• Pulmonary circulation- a transportation of blood between the lungs and heart
        • Blood vessels
          • Arteries
            • Carry oxygenated blood
            • Away from the heart
            • At a high pressure
            • Thick musuclar walls
            • Has a pulse
          • Veins
            • Carry deoxygenated blood
            • Towards the heart
            • At a low pressure
            • Large lumen
            • Thin walls
            • No pulse
            • Have valves to prevent the backflow of blood
          • Capillaries
            • Thin walls to allow diffusion
        • Pathway of Blood
          • 1) Deoxygenated blood enters the heart via the vena cava going into the right atrium
          • 2) it it pumped through the tricuspid valve into the right ventricle
          • 3) It is passes through the semi luna valve into the pulomary artery to go to the lungs to be oxygenated
          • 4) Oxygenated blood returns via thew pulmonary vein into the left atrium.
          • 5) It  is then pumped through the bicuspid valve into the left ventricle.
          • 6) it then passes through the semi luna valve into the aorta to the rest of the body
        • Red blood cells- carry oxygen to the workin gmsucles and take away carbon dioxide fdrom thmem
        • Measurements if the heart
          • Heart rate- numbe rof heart beats per minute
          • Stroke volume- volume of  blood ejected by the left ventricle per contraction
          • Cardiac output- volume of blood ejected by the heart in a minute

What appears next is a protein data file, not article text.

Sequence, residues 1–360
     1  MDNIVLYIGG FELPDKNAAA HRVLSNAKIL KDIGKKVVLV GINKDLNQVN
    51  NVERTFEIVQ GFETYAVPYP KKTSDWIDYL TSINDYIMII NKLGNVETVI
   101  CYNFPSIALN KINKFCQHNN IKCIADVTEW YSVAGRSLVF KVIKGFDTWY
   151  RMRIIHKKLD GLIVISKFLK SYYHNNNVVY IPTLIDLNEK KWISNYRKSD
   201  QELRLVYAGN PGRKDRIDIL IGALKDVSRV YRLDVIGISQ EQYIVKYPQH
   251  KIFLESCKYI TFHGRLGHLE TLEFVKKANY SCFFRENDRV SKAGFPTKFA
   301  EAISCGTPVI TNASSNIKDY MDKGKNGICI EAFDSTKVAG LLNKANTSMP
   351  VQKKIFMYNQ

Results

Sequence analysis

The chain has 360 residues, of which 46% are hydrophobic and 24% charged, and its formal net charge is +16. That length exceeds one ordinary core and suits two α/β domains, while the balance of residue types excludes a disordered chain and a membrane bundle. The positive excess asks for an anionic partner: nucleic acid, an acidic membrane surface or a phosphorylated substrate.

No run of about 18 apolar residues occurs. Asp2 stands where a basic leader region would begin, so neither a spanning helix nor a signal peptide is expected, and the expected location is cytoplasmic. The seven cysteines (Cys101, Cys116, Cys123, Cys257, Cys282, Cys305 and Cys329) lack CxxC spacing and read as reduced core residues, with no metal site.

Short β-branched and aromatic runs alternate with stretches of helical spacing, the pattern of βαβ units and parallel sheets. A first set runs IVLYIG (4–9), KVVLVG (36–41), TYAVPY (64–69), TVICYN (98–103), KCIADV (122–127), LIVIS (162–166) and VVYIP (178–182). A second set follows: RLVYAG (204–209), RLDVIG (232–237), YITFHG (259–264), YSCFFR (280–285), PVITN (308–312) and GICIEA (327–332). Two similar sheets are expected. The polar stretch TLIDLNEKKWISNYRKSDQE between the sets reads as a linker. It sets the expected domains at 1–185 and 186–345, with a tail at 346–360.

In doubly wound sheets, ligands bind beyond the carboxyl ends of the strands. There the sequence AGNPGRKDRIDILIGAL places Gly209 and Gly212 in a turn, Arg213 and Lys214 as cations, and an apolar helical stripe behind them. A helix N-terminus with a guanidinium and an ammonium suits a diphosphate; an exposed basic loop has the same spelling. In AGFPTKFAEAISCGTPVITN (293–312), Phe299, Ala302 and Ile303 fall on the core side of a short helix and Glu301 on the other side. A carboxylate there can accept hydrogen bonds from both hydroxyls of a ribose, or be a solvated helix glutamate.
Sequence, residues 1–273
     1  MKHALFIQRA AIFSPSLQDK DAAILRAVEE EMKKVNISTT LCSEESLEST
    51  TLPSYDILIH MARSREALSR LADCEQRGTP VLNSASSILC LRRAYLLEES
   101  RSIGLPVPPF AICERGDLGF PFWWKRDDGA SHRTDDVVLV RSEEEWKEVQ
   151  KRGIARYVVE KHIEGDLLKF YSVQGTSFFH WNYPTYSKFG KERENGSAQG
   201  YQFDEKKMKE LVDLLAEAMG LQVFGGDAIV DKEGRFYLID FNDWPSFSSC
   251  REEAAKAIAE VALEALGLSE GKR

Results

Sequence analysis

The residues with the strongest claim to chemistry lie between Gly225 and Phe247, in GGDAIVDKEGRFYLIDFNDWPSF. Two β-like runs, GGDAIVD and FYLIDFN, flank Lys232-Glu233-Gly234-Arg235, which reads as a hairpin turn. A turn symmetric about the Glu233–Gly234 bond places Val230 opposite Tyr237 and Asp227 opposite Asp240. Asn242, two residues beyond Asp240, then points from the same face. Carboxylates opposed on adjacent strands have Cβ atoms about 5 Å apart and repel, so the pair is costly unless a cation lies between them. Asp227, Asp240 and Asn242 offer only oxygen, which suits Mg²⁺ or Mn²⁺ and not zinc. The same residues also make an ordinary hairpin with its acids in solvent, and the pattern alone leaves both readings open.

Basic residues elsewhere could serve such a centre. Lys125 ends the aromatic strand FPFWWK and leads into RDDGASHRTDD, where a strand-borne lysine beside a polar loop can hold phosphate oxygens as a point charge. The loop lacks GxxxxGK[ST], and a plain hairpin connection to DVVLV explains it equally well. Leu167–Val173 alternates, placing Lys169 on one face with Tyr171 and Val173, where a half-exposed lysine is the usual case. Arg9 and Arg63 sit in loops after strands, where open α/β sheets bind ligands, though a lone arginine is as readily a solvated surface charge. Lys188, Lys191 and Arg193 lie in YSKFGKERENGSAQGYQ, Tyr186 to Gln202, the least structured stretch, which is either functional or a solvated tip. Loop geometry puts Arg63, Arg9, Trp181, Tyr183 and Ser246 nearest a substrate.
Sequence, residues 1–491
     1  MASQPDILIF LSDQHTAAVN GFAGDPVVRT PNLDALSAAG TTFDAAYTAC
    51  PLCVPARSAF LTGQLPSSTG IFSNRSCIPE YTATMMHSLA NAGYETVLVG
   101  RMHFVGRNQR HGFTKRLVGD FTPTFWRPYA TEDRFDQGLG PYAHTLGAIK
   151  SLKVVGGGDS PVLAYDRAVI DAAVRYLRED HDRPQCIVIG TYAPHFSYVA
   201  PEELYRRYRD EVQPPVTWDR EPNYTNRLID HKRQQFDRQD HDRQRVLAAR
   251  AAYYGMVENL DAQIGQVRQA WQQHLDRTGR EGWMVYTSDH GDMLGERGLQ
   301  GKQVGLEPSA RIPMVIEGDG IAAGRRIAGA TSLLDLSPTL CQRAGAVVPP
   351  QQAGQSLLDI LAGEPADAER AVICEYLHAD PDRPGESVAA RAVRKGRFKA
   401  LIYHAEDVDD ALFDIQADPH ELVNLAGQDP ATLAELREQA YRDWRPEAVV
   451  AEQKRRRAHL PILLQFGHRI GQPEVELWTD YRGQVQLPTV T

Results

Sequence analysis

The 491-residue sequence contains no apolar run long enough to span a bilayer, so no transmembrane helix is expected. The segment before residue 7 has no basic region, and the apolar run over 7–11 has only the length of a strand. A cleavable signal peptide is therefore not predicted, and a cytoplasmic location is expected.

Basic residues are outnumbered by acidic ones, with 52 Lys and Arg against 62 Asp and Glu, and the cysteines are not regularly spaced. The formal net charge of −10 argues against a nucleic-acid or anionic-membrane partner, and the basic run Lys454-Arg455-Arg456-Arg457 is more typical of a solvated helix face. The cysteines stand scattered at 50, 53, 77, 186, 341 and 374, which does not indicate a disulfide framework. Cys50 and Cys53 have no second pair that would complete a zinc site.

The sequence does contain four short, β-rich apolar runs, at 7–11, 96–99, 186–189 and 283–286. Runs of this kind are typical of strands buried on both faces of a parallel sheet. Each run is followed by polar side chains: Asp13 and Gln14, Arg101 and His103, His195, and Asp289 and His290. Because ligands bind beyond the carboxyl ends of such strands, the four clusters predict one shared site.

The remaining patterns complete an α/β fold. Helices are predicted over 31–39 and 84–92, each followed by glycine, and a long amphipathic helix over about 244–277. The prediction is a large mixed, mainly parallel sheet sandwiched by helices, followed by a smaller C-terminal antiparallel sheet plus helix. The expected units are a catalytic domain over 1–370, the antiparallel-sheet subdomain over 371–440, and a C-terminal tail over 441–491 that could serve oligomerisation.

• Respiratory System
        • Pathway of air
          • 1) Air enters the mouth/ nasal cavity warm/ moist
          • 2) It then travels down the trachea
          • 3) It then goes through one of either bronchi
          • 3) Then it travels through the bronchioles to the alveoli
        • Gaseous exchange
          • In the bloodstream there is a high concentration of carbon dioxide
            • in the alveoli there is a low concentration
              • therefore the carbon dioxide diffuses in the alveoli from a high concentration to a low concentration to be expired
          • In the alveoli there is a high concetration of oxygen
            • Whereas in the bloodstream there is a low concentration of oxygen
              • Therefore the oxygen diffuses from an area off high concentration to an area of low concentration to move around the body
        • Mechanics of breathing
          • Inspiration
            • 1) Intercostal muscles contract and move the ribs downwards and outwards
            • 2) The diaphragm contracts flattening out
            • 3) The lung cavity increases and the pressure decrease which causes air to be sucked in
          • Expiration
            • 1) Intercostal muscles relax and move the ribs upwards and inwards
            • 2) The diaphragm relaxes reverting back to its original dome shape
            • 3) The lung cabvity decreases which causes the pressure to increase so air is forced pout